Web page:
Hello Happy Site Owners! This week’s tips include a focus on the blogging tips you will need for success in 2014. It’s time to update your strategies, or get a strategy going if you don’t already have one. I’ve also got a conversion tip for you that I bet you haven’t thought of, and roundup of experts on what they think will be important in SEO this year. And for dessert, I’ve got a great tip from one of the sweetest men I know that will help you get more of your content seen on G+ in a surprising way. So let’s dive in. Listen to the podcast.
Genesis 2.0.2 was released last Thursday evening. I’ve updated all of my sites without issue. The changes include:
- Add Google Authorship option to Genesis SEO.
- Fix bug in search form where search term was used as placeholder text.
- WordPress 3.8 UI compatibility.
- Prevent Genesis child themes from pulling incorrect updates from WordPress.org.
- Fixed a couple of display and syntax errors.
- Updated screenshot.
Recently, there have been a few high-profile posts exclaiming that content marketing is dead, or at least that it’s becoming an unsustainable strategy. In this post, Jay Bear takes on that assertion and sets it straight. And he gives what he believes are the only three ways to continue to stand out in an even bigger crowd.
I’d give you the bullet points, but you really need to read the whole post to get why he picked these three. But I will say this. You do need to get strategic about it. And I’ve got a collection of more tips here to help you do that.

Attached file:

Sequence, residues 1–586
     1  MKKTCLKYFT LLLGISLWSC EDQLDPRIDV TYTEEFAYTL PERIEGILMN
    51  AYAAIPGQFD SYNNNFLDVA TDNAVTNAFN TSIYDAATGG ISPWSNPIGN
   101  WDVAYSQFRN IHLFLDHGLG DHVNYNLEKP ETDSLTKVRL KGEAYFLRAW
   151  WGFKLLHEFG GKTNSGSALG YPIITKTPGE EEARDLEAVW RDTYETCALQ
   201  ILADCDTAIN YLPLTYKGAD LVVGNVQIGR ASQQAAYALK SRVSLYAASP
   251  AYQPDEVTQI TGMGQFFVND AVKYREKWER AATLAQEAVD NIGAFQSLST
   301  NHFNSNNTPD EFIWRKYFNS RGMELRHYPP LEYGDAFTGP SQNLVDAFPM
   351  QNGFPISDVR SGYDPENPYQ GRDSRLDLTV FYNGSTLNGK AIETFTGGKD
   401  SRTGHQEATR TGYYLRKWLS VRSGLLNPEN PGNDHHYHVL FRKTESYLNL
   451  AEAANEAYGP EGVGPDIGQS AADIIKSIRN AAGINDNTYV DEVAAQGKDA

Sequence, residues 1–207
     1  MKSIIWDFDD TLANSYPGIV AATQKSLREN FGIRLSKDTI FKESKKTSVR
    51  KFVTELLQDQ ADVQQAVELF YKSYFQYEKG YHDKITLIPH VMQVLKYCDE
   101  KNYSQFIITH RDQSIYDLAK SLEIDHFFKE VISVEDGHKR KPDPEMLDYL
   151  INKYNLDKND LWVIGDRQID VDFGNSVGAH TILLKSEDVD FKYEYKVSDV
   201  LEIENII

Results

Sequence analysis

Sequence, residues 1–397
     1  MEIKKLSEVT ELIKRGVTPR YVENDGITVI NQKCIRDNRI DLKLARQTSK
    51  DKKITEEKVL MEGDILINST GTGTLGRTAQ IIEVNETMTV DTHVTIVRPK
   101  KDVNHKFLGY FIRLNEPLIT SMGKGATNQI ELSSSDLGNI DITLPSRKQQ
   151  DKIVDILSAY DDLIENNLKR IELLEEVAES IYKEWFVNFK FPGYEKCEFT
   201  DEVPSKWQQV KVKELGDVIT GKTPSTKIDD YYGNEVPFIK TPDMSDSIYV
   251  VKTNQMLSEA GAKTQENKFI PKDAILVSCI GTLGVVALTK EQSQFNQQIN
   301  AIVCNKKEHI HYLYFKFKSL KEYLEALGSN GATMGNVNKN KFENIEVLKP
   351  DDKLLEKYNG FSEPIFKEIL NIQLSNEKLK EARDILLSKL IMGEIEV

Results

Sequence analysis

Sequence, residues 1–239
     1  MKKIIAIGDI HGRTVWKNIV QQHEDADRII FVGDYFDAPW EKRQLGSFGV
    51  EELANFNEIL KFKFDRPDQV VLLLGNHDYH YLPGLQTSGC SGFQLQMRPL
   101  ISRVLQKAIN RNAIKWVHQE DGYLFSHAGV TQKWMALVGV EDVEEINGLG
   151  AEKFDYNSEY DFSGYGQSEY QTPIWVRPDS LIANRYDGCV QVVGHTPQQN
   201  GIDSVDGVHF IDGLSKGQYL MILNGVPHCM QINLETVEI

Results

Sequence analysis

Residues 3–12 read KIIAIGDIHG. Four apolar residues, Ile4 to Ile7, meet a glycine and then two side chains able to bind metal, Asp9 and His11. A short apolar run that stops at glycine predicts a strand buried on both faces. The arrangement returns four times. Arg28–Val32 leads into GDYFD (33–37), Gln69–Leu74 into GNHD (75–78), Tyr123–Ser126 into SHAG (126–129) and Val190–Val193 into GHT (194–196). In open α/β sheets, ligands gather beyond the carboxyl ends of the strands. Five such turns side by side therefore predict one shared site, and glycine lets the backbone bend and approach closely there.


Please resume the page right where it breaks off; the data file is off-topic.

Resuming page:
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Creating content. It’s the number one challenge to all bloggers. But successful blogging takes more than mere creation of content. It also requires a content strategy and then properly marketing what you’ve created. Selena Waite breaks down the differences and gives practical, actionable tips in this post that is featured on the ISOOSI Research Engine. And while you’re there, you may just want to check out what ISOOSI is all about and how to submit your site to the directory.
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Rachel Foster asks an excellent question and provides her insights in this post on the Content Marketing Institute blog. And I have to agree with her that original content should always be the cornerstone of your content marketing strategy. It’s your voice that folks latch on to. That’s also true here on Tips Tuesday, which is mostly curated content with my additions.
Rachel also gives several examples of how curated content can lead to increased conversions. That’s also true here on Tips Tuesday.